Do research online and in publications. Spend time looking at pictures of home improvement projects online to generate ideas and become familiar with materials, products, fixtures, and appliances that are popular with today's consumers. Collect pictures of projects that capture the styles you like. Bring those pictures with you to the first discussion with the contractor.  

Talk to family members. Make sure everyone in your household (or at least, everyone directly affected by the remodel) is on the same page. Don't set yourself up to have a disagreement with other members of your household in front of your contractor!

Plan to Meet Your Contractor On-Site

Be wary of any contractor who will quote a price for your home improvement project (unless it's a very small project indeed) sight-unseen. Plan to meet with your contractor at the site where the project will take place.

When you meet on-site, your contractor should have many questions, should be curious about your goals, should be able to discuss your project with you, and repeat back to you what you're hoping to accomplish. If your contractor came to the site but seems not to understand what you want to do, or if your contractor simply isn't interested in seeing your job site, then it may be time to find another contractor.  

Use Your Point of Contact

A professional contractor outfit is likely to give you a single point of contact to communicate with throughout your project. Use this point of contact to avoid crossed signals and miscommunications. While the job is taking place, it may be tempting to communicate with whoever is on-site, but if your point of contact is not there, make a phone call, send a text or use email - whatever works for you both. 

Read the Contract Thoroughly

Contracts protect consumers and prevent miscommunications. Read the contract thoroughly, and talk to your contractor about anything that you don't agree with or that you find confusing. Know what's in your contract and reach a meeting of the minds before signing.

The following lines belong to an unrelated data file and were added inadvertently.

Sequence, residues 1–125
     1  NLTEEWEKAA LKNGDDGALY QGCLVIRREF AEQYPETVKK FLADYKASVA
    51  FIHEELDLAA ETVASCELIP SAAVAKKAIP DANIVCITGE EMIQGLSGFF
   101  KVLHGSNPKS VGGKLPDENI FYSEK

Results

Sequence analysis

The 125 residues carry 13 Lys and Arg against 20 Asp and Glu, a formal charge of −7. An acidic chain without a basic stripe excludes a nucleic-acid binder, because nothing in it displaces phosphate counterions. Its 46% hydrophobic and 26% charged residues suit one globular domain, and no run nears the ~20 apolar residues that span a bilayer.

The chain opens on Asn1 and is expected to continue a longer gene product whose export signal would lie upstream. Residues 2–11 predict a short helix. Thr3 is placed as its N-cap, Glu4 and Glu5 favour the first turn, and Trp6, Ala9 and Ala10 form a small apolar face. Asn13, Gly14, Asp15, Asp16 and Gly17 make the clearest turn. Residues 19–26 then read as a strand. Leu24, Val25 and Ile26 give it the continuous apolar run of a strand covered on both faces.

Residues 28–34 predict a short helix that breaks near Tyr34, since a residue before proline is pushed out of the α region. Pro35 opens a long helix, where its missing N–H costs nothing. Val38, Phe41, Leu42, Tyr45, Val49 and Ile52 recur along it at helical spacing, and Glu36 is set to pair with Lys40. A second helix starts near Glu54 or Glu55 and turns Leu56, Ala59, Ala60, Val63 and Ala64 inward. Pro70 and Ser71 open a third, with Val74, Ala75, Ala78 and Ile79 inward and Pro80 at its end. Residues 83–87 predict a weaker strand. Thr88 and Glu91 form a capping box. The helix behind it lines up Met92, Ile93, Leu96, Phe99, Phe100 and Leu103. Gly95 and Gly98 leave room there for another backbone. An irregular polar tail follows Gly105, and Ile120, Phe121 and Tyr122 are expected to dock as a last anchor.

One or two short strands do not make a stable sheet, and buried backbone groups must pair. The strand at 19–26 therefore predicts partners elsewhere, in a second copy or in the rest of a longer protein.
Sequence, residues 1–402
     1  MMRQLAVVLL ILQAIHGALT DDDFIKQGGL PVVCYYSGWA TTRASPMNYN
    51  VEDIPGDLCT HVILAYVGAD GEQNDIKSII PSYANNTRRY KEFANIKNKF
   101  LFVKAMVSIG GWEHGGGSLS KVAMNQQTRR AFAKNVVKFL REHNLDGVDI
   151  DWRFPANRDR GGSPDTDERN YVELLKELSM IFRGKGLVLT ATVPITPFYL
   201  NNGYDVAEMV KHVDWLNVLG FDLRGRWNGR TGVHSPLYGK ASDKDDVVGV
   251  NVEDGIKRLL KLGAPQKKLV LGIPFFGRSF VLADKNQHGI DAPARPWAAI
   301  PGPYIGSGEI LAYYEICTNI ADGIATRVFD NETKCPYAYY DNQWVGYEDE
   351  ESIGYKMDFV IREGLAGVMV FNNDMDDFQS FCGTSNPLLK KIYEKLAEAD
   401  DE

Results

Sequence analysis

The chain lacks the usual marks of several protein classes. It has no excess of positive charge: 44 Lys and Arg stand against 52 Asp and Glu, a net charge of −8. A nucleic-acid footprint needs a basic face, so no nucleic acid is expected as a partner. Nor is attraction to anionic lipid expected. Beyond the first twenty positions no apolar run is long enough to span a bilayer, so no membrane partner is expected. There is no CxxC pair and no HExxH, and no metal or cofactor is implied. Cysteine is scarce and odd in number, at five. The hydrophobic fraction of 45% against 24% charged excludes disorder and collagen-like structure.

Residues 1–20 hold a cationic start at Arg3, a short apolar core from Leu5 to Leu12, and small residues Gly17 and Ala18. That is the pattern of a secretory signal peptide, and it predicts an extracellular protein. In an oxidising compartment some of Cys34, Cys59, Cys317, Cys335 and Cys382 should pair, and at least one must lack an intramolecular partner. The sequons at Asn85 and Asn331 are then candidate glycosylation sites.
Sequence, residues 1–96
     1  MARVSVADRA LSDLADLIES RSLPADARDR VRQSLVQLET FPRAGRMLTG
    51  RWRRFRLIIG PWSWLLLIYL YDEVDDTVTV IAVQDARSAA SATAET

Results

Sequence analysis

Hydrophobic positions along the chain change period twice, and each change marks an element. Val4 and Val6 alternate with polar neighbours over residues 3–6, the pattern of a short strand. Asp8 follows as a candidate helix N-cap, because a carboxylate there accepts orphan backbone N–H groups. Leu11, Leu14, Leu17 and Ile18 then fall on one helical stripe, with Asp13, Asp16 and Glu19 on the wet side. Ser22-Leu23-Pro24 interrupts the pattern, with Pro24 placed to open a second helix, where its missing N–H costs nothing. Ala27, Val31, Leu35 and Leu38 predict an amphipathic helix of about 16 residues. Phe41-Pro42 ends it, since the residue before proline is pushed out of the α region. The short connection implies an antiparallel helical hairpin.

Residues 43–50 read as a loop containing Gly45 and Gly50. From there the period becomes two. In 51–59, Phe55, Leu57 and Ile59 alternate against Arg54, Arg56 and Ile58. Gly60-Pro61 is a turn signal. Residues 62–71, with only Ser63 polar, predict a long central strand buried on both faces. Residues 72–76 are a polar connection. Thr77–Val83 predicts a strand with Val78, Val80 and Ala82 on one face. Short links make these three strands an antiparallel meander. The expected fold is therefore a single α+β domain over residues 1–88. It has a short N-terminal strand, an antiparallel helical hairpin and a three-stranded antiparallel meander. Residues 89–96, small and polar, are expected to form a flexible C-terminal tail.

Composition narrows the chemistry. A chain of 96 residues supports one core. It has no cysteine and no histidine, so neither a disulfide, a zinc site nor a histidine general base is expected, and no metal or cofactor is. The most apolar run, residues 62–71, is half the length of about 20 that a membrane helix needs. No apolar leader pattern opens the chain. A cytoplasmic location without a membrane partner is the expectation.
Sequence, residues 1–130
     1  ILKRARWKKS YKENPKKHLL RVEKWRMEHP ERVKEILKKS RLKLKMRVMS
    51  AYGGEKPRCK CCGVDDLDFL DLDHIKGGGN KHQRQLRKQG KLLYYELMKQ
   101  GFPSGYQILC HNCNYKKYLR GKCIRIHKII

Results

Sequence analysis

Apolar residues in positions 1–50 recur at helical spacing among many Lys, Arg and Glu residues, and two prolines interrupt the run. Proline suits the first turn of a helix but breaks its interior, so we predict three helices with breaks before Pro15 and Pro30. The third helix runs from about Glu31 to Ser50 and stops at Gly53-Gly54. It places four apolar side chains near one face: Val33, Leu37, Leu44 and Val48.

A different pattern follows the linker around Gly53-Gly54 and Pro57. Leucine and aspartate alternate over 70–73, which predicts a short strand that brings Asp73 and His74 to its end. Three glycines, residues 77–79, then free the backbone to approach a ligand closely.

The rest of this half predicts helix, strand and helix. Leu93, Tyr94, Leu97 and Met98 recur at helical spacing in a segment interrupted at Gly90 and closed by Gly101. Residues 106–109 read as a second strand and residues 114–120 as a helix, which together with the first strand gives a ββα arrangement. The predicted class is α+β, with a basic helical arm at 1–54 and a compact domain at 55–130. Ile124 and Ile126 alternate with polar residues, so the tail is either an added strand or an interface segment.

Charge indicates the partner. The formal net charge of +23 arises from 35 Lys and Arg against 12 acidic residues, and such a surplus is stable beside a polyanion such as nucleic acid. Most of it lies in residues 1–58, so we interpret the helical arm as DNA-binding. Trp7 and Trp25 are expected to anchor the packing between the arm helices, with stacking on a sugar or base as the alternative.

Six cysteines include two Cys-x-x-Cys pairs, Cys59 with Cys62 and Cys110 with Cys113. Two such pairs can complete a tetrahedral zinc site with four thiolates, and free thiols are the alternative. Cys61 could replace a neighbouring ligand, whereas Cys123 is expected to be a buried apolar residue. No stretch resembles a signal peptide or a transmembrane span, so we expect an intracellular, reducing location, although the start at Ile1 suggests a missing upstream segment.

Hire a Pro

Good contractors rely on good communication skills to get the job done. The most important thing you can do to ensure smooth communication with your contractor is to hire a professional with good references, many years of experience, and good customer service. When contacting references, ask them about the contractor's communication skills. Did the contractor: 

  • Follow up on questions?
  • Answer questions accurately and in a timely manner?
  • Return phone calls, voice mail, emails, and texts?

Want to Become a Home Remodeling Pro? 

So, do you know the difference between refinished vs refurbished now? 

Home remodeling is something that people get better at with practice and through education. That's why we cover new topics in our blogs each month, including topics on home improvement budgeting, checklists, wishlists, how to work with a contractor and more. Start your home remodeling education. Visit our blog.  

About Kevin Ahern

Kevin is the Co-Founder of Litchfield Builders, an award-winning, industry leader with a reputation for managing projects others shy away from. They are known for their high-quality work, customer service, and reliability and though still relatively small in size, Litchfield Builders now competes with some of the areas largest firms in both the residential and commercial arenas.